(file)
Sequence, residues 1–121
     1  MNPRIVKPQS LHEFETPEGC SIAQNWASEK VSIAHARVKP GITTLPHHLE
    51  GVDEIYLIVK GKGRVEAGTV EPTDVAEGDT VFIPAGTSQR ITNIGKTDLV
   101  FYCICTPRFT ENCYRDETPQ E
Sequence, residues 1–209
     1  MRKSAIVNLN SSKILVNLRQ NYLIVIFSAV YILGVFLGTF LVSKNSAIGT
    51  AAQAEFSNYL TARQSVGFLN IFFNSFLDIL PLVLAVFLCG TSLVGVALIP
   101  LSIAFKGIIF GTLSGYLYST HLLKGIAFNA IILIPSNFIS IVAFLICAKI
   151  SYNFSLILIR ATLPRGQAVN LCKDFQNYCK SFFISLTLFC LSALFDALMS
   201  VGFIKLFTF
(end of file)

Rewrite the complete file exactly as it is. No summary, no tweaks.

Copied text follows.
Sequence, residues 1–121
     1  MNPRIVKPQS LHEFETPEGC SIAQNWASEK VSIAHARVKP GITTLPHHLE
    51  GVDEIYLIVK GKGRVEAGTV EPTDVAEGDT VFIPAGTSQR ITNIGKTDLV
   101  FYCICTPRFT ENCYRDETPQ E
Sequence, residues 1–209
     1  MRKSAIVNLN SSKILVNLRQ NYLIVIFSAV YILGVFLGTF LVSKNSAIGT
    51  AAQAEFSNYL TARQSVGFLN IFFNSFLDIL PLVLAVFLCG TSLVGVALIP
   101  LSIAFKGIIF GTLSGYLYST HLLKGIAFNA IILIPSNFIS IVAFLICAKI
   151  SYNFSLILIR ATLPRGQAVN LCKDFQNYCK SFFISLTLFC LSALFDALMS
   201  VGFIKLFTF